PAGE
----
csibiblestudy


A Strange Reason to Rejoice
August 20, 2016, 9:08 pm
Filed under: Searching for our Savior in His book | Tags: , , ,

jump for joy

I Peter 1:6-7 “Wherein ye greatly rejoice, though now for a season, if need be, ye are in heaviness through manifold temptations:  that the trial of your faith, being much more precious than of gold that perisheth, though it be tried with fire, might be found unto praise and honor and glory at the appearing of Jesus Christ.”

Doesn’t is seem a little strange to read a passage of Scripture that talks about rejoicing during trials?  Okay, I know that this is a message found several times in the Bible, but really when things are going great it is easy to rejoice but how about when life is falling apart?  For me, it is abnormal to my nature to rejoice when everything is goings in ways that I consider bad.  Guess what, this passage is even stranger that our first glance suggests.  Let’s look at the verse.  First look at “greatly rejoice”.  It comes from a Greek word, which is written in the present tense here and occurs 11 times in the New Testament, with three of those times in I Peter.  The correct translation would be something like “always jump for joy”.

I guess this leads to the question we are to ask “WHY?” especially considering some of the up and down experience that are a part of each person’s life.  Peter tells us in the verses at least three reasons we can jump for joy.  First, our experiences in this life are temporary.  Notice “though now for a SEASON”.  The things we deal with are limited, especially with eternity in view.  They are not permanent conditions.  They had a beginning and they will have an end.  Here’s the great news:  God is already at the end, just like He was at the beginning.  Nothing catches Him by surprise and nothing is out of His control.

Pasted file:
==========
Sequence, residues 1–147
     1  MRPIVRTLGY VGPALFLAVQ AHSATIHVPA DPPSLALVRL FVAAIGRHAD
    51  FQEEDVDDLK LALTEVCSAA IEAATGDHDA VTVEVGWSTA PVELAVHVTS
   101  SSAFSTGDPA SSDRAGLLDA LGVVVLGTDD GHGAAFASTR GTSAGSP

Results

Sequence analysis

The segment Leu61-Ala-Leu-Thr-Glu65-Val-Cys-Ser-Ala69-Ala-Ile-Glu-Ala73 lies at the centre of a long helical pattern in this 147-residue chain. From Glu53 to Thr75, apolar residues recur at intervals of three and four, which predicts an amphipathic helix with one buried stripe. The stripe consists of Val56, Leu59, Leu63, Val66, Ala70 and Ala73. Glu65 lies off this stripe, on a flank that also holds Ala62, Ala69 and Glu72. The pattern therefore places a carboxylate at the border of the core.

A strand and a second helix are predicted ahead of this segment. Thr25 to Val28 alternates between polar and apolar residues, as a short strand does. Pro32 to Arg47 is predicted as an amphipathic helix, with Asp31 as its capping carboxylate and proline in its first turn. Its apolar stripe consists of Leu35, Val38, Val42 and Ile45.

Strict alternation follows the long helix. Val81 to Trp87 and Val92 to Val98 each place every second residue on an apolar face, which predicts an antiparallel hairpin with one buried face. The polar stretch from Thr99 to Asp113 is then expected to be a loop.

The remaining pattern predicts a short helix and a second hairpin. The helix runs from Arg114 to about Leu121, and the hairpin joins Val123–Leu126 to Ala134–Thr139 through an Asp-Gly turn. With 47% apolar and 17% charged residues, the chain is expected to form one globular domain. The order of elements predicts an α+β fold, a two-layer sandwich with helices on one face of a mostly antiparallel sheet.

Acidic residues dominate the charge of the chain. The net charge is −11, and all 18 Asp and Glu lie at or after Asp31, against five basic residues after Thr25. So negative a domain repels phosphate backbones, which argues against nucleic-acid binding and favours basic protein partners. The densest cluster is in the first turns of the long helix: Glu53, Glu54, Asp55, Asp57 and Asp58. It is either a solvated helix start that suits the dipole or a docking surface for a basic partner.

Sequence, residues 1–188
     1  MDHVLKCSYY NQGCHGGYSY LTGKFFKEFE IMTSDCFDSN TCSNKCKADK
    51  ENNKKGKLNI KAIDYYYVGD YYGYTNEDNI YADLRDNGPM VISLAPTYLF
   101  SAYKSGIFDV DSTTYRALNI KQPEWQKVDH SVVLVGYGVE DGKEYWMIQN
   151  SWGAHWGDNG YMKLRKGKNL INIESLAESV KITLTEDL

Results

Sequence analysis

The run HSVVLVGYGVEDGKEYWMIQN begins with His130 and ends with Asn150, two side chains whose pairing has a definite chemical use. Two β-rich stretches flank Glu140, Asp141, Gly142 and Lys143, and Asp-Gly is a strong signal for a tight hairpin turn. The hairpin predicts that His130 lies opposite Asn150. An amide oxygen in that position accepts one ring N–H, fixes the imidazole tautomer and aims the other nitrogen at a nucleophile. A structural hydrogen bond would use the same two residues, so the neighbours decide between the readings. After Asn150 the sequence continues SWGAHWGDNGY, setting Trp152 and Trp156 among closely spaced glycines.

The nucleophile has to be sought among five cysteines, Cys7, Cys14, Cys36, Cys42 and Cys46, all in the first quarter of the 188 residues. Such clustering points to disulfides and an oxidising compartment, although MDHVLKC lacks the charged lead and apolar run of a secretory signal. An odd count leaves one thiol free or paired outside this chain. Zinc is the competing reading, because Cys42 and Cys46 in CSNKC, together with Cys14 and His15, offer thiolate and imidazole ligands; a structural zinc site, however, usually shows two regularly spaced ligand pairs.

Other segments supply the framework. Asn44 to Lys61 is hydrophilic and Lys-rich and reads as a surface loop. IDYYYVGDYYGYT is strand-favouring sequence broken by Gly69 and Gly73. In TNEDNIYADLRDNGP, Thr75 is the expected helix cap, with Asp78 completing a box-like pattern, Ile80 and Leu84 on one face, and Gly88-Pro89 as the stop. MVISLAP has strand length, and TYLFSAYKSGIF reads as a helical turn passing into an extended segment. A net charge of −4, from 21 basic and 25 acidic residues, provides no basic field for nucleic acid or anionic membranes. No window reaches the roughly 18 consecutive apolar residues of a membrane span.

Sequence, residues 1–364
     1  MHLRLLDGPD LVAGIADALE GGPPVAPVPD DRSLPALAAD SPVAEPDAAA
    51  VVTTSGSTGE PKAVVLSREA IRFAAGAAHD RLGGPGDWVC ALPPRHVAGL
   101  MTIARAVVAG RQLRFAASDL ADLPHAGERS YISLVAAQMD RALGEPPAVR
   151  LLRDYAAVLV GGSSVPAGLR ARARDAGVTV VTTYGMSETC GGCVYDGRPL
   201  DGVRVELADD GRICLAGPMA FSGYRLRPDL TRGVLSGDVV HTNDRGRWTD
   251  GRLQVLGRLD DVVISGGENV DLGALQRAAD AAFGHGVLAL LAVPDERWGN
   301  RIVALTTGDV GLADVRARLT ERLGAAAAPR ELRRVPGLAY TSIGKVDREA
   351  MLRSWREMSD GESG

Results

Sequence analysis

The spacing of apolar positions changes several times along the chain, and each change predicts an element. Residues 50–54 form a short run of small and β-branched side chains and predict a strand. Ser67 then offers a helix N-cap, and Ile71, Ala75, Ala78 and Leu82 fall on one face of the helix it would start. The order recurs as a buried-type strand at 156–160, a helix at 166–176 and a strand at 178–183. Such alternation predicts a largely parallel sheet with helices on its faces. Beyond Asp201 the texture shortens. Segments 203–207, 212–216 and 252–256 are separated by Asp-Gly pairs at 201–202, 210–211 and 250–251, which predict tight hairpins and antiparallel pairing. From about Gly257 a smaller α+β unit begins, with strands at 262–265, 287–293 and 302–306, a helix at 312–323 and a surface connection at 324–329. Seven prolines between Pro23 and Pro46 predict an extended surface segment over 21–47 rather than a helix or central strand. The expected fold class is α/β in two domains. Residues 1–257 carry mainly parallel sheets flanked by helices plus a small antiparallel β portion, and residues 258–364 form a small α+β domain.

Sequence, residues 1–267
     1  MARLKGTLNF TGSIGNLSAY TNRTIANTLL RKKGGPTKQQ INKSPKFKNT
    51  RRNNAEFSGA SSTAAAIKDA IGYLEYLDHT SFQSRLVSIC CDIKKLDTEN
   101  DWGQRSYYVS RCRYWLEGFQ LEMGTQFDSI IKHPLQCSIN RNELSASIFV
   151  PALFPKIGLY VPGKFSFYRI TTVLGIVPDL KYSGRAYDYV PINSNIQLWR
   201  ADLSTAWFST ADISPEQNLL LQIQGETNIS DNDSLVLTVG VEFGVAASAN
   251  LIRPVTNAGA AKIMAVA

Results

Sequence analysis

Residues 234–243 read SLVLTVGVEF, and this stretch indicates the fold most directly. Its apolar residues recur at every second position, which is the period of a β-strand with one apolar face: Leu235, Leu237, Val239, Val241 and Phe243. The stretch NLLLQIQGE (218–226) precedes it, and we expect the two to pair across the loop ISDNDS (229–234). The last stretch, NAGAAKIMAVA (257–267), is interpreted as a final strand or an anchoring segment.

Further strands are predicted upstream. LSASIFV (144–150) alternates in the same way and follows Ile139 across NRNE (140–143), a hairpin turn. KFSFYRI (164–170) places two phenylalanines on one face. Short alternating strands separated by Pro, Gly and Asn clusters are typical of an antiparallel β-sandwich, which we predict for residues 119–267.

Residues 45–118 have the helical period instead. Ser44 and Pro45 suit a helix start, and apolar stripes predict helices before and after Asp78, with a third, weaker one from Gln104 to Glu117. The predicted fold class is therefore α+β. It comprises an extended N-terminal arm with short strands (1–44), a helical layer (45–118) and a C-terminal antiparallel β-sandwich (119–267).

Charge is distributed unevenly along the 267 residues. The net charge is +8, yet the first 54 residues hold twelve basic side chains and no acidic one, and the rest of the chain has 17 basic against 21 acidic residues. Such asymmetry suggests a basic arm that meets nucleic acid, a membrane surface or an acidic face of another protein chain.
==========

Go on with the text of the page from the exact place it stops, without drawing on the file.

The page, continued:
Second, notice the phrase “if need be”.  There is a purpose in why we go through these experience.  We need them.  Perhaps John Piper has it right when he observed “this is God’s universal purpose for all Christian suffering: more contentment in God and less satisfaction in the world.”   Paul talked about knowing the “fellowship of His sufferings.   Charles Swindoll concluded “the path of obedience is often marked by times of suffering and loss.”  Peter knew first hand that when we go through things in life, we can be emptied of self-reliance and able to be filled with God and His strength.  Remember the encouragement to be filled (controlled) with (by) the Holy Spirit.  He is our strength but we can also respond to life in a Christ-like way when we have the Fruit of the Spirit.

Third, perhaps the greatest purpose is “that the trial of your faith . . . might be found unto praise and honor and glory at the appearing of Jesus Christ.  As Elisabeth Elliot observed, “we want to avoid suffering, death, sin, ashes. But we live in a world crushed and broken and torn, a world God Himself visited to redeem. We receive his poured-out life, and being allowed the high privilege of suffering with Him, may then pour ourselves out for others”  That is a life that brings praise, honor, and glory to Jesus.  Joni Eareckson Tada, who knows something about being emptied of self through the event of life observed “the greatest good suffering can do for me is to increase my capacity for God.”

So, here is my final thought about these verses.  The word “heaviness” signifies physical or emotional pain or distress that brings extreme sadness into my life.  When Jesus questioned Peter about whether he truly loved Him after his three denials, Peter was grieved (the same Greek word).  He was heavy through the experience of his failure.  When Jesus experienced Gethsemane, a form of the same word, it demonstrates that human life is full of painful experiences.  Yet in both of these we see that sweetest victories came in the midst of great sufferings.  The distress comes in many various forms, some of which show the reality of our relationship with Christ.

How about you?  In the midst of your life today, what experiences are you facing?  Jump for joy because God is using them to show the reality of your relationship with Him and transforming you to be like Christ!  What you really believe is what you live.  What does your life say you believe?  Jump for joy!  God’s got this!

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